in the Hudson Valley. Filled with quaint shops and
excellent cafes and restaurants, Cold Spring is a
place to see. Across from West Point is Garrison,
another potential day stop. From Garrison, West Point
looms up from across the river.
In these dangerous times,
be aware that there are restrictions on approaching
or accessing West Point from the river. You will probably
be politely warned away, but run the risk of stronger
actions depending on the state of the world and the
anxiety of the officials.
Bear Mountain State Park
is located just north of the South Gate on the west
bank. Formerly part of the Harriman Estate and donated
to the State of New York in one of the opening gambits
of the environmental movement, the park provides seemingly
endless opportunities to hike the mountains and trails
of the lower Highlands. The first segment of the Appalachian
Trail, now stretching from Maine to Georgia, was created
at Bear Mountain. In addition to hiking, Bear Mountain
State Park provides all manner of recreational possibilities
from swimming to biking to fairs & festivals and
excellent ice skating in the winter months. Just below
Bear Mountain is the Iona Marsh, the northernmost
remaining brackish water estuary marsh on the lower
Just below the South Gate
be aware that Indian Point Nuclear Electric Generation
Plant is located on the eastern shore, at the lower
reaches of Peekskill Bay. This is a highly restricted
area and should be avoided if you want to not experience
the nervous anxiety of local, state and federal authorities.
|The Tappan Zee
HERE FOR A COMPLETE RIVER RESOURCE SUMMARY
Stretching from below
Peekskill to just above the George Washington Bridge,
this section of the river, named the Tappan Zee, is
where the mighty Hudson stretches its shoulders to
its widest point, nearly 4 miles wide at Haverstraw.
Here the river becomes an estuary flowing in both
directions with the tides. Tidal marshes line the
western shore below Piermont and the historic rivertowns
of Westchester line the eastern shore.
"The Big House",
Sing Sing Prison, is perched on the east shore of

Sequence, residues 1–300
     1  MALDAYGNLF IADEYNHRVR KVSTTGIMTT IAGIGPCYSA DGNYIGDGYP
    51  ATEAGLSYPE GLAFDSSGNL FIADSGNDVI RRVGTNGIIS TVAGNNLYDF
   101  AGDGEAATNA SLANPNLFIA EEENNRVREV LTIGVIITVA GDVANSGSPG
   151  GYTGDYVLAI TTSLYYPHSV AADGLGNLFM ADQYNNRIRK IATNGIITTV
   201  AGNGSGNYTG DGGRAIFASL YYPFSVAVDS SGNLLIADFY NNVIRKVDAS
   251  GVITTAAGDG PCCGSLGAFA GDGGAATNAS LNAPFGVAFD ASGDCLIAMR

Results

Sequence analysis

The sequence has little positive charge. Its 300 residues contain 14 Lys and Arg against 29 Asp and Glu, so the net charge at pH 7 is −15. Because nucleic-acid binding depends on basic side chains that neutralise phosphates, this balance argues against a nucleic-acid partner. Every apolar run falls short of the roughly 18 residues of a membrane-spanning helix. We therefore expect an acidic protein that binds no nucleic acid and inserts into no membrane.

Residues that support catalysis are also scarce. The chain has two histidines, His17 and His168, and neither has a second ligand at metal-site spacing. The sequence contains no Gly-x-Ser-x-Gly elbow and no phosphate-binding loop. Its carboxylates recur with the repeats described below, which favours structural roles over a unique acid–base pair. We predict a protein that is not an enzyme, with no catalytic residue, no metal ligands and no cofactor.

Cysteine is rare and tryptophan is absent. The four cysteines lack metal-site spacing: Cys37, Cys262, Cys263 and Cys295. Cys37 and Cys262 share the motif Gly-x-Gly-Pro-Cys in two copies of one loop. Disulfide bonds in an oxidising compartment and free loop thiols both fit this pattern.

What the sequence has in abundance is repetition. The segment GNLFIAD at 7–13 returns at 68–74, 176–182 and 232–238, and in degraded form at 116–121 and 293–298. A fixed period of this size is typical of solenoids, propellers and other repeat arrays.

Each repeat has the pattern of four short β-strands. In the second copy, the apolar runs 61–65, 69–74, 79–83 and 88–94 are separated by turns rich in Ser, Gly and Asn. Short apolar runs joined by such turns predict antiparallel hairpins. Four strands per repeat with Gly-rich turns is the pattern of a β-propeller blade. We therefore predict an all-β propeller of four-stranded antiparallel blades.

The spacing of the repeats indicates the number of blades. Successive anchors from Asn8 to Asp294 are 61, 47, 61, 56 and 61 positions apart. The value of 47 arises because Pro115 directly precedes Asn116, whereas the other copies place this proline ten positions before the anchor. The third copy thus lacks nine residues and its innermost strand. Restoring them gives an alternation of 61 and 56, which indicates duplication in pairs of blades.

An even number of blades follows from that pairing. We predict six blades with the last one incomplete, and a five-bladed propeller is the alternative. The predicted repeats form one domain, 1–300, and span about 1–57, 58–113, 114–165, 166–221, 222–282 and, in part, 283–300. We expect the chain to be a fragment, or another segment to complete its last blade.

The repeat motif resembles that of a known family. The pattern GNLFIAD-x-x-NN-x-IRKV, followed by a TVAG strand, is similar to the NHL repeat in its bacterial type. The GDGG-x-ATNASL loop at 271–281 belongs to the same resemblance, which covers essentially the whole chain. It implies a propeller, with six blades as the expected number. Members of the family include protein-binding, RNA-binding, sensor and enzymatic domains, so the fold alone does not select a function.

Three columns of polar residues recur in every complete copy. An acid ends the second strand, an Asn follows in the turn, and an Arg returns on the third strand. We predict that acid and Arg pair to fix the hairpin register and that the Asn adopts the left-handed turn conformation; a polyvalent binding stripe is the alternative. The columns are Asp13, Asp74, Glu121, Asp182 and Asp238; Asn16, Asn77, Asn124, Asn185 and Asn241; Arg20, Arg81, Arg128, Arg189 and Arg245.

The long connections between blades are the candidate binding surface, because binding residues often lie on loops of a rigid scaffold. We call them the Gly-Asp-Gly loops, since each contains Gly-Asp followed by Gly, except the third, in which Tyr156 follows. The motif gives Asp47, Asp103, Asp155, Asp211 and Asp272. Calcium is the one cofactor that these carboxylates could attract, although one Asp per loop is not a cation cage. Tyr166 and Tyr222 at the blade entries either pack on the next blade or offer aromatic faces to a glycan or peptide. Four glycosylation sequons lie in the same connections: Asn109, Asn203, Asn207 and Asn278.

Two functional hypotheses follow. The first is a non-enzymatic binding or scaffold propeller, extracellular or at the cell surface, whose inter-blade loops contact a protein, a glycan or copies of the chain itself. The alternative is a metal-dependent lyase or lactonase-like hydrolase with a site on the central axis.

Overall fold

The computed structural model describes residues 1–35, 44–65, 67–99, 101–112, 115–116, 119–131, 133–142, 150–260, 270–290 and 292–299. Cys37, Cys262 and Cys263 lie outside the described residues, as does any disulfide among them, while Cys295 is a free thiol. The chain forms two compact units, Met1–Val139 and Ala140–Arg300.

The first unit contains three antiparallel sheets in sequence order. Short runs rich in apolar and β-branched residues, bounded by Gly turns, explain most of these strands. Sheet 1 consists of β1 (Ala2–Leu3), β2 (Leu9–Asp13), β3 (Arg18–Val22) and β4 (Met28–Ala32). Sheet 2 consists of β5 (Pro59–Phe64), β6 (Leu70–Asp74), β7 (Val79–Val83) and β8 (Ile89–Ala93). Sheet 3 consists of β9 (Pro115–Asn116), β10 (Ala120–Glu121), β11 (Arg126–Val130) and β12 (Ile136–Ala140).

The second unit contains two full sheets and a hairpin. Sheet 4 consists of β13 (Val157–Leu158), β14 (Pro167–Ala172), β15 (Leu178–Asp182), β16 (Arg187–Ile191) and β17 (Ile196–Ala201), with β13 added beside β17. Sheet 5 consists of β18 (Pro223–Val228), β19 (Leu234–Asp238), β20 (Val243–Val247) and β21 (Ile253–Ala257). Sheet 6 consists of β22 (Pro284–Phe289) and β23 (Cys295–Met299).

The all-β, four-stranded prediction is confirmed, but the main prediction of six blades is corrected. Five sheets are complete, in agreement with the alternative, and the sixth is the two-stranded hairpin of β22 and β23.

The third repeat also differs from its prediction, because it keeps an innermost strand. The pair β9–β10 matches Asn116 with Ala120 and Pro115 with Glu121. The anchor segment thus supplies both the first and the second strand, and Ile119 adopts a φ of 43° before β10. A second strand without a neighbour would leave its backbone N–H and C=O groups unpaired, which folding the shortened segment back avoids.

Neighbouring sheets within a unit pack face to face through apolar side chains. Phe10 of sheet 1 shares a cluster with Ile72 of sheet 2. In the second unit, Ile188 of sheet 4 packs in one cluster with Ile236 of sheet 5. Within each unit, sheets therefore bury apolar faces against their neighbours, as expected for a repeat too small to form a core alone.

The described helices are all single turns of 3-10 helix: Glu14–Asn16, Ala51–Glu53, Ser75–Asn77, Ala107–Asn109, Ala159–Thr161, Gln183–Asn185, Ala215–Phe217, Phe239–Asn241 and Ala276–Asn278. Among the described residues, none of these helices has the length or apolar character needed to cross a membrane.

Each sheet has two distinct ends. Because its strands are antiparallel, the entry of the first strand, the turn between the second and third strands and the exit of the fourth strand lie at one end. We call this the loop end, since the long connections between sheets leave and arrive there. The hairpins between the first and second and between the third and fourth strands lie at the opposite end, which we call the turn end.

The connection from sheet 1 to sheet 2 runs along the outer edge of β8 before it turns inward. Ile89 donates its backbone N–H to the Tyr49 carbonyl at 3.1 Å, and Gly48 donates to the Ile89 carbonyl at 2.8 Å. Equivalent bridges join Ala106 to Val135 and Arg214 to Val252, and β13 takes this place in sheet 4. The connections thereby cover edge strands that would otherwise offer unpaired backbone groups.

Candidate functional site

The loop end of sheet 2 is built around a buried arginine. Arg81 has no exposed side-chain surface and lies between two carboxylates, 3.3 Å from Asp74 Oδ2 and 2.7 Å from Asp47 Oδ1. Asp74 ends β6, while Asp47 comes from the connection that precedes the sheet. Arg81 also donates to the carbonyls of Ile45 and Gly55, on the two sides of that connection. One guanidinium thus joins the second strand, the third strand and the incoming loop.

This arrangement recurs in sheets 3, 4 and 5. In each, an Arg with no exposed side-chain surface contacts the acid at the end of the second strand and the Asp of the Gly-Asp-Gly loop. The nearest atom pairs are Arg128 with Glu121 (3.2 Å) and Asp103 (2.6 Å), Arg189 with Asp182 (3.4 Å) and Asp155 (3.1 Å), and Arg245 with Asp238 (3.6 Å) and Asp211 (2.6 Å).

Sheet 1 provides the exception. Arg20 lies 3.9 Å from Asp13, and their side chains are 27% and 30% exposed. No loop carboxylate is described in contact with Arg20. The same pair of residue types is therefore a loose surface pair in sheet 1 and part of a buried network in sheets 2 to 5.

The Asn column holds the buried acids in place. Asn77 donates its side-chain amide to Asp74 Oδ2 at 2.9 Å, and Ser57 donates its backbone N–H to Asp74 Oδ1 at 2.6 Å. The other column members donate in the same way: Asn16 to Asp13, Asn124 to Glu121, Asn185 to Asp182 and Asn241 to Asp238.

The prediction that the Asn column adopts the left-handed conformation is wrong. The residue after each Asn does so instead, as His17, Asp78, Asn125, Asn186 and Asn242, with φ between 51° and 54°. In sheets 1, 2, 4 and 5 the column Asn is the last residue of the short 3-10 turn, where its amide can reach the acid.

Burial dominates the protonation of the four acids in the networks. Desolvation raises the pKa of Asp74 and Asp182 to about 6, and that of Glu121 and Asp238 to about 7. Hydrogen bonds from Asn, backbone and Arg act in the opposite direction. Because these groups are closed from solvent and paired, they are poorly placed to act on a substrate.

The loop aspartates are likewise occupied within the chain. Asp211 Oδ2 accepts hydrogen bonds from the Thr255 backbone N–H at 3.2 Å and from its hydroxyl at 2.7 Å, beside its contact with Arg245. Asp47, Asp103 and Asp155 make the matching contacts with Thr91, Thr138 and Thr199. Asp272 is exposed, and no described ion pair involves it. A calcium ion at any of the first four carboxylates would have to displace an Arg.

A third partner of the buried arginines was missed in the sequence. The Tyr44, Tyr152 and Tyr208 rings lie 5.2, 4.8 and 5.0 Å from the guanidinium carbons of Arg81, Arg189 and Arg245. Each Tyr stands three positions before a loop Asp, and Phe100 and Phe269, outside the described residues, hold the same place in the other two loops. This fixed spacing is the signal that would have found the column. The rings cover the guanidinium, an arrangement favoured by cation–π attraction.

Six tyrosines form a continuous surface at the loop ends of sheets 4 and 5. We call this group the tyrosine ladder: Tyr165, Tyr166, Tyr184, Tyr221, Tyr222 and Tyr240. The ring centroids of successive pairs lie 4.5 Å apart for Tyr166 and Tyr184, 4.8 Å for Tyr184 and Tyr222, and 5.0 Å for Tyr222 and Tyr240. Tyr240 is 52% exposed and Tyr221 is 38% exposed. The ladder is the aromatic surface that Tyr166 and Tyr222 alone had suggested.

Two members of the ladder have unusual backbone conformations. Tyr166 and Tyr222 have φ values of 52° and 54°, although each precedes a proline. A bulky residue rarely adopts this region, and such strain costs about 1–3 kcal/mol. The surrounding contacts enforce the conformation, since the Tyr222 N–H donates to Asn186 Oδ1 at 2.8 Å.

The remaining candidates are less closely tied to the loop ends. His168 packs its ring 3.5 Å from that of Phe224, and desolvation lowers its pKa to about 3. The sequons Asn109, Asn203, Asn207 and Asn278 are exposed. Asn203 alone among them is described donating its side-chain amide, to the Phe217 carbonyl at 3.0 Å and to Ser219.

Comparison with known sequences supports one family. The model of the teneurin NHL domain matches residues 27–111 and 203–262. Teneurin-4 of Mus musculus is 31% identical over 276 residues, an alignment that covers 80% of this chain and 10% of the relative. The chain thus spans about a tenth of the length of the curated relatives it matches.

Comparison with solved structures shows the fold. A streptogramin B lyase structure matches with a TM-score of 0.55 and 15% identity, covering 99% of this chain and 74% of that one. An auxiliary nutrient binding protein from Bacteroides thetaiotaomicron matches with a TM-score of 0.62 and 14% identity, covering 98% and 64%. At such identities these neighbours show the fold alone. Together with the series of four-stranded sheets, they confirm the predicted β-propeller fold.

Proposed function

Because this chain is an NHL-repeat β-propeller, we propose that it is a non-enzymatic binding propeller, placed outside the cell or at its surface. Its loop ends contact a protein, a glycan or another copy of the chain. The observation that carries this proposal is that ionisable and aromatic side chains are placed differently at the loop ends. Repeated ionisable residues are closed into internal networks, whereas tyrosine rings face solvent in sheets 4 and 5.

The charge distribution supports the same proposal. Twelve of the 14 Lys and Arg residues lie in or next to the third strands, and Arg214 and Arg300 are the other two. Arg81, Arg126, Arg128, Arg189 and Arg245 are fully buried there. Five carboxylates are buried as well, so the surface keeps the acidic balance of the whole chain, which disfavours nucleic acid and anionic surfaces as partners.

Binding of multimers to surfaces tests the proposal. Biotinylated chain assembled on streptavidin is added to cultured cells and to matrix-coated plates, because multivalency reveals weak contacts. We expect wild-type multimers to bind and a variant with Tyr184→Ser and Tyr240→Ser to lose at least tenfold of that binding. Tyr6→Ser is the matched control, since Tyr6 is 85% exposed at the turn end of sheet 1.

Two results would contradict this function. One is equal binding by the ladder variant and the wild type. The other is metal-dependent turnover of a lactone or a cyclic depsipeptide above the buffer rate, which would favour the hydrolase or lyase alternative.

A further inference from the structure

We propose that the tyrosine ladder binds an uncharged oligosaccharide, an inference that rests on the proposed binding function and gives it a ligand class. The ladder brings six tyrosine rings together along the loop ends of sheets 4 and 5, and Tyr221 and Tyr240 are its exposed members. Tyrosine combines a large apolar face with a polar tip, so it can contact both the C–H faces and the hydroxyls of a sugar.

the river at Ossining. One of America's original reformed
prisons, Sing Sing entered into American legend in
the 30's as the final destination of Hollywood movie
gangsters who were shipped "up the river."
Still in operation today, Sing Sing continues to holds
some of New York's prison population behind its high
Towering above the
river on the western shore of the Tappan Zee are the
imposing Palisades. Remnants of the monumental geologic
forces that shaped the Hudson Valley, the Palisades
form the perfect backdrop against which the mighty river
flows toward the sea. They were also the genesis of
the ecologic movement in the late 19th century. Once
established, it swept up river protecting the Highlands
and finally spilled out over the river's banks forming
the opening battles and strategies of today's modern
Croton Point Park on
the eastern shore provides a protected anchorage with
many recreational possibilities, including one of the
few swimming beaches on the river. It is one of the
favorite day time anchorage points for many boaters
on the river. To the south George's Island County Park
provides another protected anchorage as well as ramp
facilities. The old WWII Navy Pier at Piermont on the
west bank, "Last Stop USA" where hundreds
of thousands of troops shipped out for Europe, juts
out into the river nearly a mile. Piermont abounds with
marinas and is filled with charming shops, sidewalk
cafes and galleries. North of Piermont, above Nyack,
is Nyack Beach State Park, another location to anchor
and access the land, and Rockland Lake State Park, contiguous
with Nyack Beach State Park to the north.
the river from Nyack is Tarrytown whose banks are
lined with marinas and parks. Tarrytown is the home
of Washington Irving's Ichabod Crane and his nemeses
the Headless Horseman. Several of the Hudson Valley's
most important and interesting attractions are best
accessed via Tarrytown, such as Lyndhurst, Phillipsburg
Manor and Washington Irving's home, Sunnyside. Below
Tarrytown is Yonkers with public docking and a multitude
of onshore entertainment and eating possibilities.
By the way, the origins
of the name "Tappan Zee" encompass two very
different cultures. When Europeans first arrived,
the Tappan Indian tribe inhabited the shores of this
section of the river. In Dutch, the original European
settlers, "zee" meant a wide body of water.
Together, they create "Tappan Zee." Or so
the story goes...